The Aviation Safety Information Analysis and Sharing Program (ASIAS) connects a wide variety of safety data and information sources across government and industry, including voluntarily provided safety data. ASIAS works closely with CAST and the General Aviation Joint Steering Committee (GAJSC) to monitor known risk, evaluate the effectiveness of deployed mitigations, and detect emerging risk. ASIAS currently has nearly 50 large airline members, as well as participation by dozens of business aviation operators, universities, manufacturers and repair stations. (https://www.faa.gov/news/updates/media/asias_members.jpg)

Europe

Data4Safety (D4S) is a data collection and analysis programme that aims at collecting and gathering data that support the management of safety risks at the European level. This includes, but is not limited to, safety reports (or occurrence reports), flight data (i.e., data generated by the aircraft via the flight data recorders), surveillance data and weather data.

The programme is intended to allow stakeholders to better identify risks, determine the nature of these risks, and verify whether safety actions or mitigations are delivering the needed level of safety. The programme also aims to develop the capability of discovering vulnerabilities in the system across terabytes of data.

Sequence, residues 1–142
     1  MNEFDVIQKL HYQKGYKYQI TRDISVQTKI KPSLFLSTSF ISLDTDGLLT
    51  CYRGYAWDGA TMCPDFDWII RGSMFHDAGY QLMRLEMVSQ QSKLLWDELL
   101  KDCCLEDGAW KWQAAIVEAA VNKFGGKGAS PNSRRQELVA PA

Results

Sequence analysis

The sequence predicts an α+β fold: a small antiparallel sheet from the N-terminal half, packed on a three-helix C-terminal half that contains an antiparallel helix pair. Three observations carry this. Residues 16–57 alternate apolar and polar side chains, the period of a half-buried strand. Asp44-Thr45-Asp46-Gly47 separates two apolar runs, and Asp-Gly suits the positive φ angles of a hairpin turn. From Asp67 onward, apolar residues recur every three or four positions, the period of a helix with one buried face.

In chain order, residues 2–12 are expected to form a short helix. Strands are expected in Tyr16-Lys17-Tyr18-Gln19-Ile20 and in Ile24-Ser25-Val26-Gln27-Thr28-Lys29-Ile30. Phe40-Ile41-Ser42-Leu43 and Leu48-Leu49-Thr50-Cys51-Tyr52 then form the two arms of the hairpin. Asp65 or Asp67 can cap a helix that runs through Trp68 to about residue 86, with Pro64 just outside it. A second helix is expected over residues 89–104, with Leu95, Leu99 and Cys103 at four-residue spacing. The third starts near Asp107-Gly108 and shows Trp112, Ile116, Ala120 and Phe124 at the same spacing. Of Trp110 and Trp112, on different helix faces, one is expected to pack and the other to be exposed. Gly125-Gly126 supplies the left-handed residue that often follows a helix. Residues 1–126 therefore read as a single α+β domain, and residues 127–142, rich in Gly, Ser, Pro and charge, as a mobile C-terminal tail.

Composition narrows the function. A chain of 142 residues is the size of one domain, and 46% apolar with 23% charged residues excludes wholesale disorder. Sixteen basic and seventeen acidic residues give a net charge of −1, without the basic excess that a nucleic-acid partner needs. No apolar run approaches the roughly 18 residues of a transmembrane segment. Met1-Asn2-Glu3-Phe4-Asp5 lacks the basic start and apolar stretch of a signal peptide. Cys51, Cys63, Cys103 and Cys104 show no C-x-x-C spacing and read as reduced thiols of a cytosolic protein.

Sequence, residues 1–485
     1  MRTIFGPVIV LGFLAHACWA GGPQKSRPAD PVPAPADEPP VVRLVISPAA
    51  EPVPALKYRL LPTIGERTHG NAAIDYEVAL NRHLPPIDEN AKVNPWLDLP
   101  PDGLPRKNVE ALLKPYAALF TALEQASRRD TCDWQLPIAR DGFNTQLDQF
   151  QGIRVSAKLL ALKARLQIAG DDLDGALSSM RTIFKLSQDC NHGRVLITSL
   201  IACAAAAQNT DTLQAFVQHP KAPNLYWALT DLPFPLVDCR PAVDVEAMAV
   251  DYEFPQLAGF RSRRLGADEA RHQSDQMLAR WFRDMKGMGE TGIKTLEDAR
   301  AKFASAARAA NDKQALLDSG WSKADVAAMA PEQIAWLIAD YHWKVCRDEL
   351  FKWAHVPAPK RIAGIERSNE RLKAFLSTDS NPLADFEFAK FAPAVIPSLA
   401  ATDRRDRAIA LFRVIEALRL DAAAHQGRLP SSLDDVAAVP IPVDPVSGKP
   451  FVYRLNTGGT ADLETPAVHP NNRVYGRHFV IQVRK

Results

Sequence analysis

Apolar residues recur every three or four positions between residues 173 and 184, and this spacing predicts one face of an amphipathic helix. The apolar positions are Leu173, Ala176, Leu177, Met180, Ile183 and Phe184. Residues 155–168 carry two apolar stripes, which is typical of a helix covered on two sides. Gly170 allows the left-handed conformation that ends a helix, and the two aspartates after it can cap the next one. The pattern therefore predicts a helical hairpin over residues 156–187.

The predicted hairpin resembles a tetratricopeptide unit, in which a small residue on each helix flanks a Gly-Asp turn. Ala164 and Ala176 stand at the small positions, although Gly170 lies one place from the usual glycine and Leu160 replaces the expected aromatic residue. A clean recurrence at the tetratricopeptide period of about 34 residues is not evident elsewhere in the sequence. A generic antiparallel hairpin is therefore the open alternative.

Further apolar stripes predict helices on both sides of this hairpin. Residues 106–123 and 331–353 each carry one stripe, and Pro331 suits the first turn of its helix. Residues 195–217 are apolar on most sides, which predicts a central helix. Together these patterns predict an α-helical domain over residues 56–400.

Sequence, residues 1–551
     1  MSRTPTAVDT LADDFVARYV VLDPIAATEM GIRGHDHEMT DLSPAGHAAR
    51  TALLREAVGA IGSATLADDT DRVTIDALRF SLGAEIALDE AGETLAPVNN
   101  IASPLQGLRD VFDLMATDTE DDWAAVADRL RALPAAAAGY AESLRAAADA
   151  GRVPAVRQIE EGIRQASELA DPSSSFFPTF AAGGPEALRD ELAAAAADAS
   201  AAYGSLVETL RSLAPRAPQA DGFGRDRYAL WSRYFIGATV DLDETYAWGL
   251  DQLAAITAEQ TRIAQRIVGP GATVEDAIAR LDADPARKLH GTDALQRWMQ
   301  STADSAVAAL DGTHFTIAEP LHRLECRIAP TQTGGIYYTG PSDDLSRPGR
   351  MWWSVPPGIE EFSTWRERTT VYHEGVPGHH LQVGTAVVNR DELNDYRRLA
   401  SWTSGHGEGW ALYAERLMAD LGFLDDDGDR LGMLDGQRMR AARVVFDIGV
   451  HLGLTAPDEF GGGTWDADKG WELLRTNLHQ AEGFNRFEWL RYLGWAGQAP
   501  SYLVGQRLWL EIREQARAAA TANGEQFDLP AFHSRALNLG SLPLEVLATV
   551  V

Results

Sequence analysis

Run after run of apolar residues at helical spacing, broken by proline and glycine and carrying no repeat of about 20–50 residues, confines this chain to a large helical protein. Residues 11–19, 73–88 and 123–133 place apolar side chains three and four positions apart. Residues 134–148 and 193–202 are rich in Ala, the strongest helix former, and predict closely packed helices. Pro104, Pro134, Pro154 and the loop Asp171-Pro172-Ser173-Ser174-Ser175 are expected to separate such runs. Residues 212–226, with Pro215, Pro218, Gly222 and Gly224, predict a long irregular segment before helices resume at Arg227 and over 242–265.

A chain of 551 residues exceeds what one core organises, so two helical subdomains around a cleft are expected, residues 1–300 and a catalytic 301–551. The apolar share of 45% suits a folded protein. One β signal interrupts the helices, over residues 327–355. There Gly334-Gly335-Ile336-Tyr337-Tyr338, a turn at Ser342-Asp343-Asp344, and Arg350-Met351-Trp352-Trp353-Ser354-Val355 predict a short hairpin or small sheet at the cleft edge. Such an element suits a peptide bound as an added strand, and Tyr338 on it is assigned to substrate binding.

D4S is, in essence, a collaborative partnership programme, or a public-private partnership between public bodies like the European Union Aviation Safety Agency or national aviation authorities and the private sector (e.g., airlines and manufacturers) that aims at inferring safety intelligence.

This is done by organising a massive collection of safety data and organising the analytical capacity amongst all European aviation safety system stakeholders. D4S is currently in the proof-of-concept phase, which involves a limited number of stakeholders and is intended to confirm the expected benefits while testing the programme’s technical and governance models. D4S is expected to enter its operational phase in 2020.

This article will be updated with details on more programmes as information becomes available.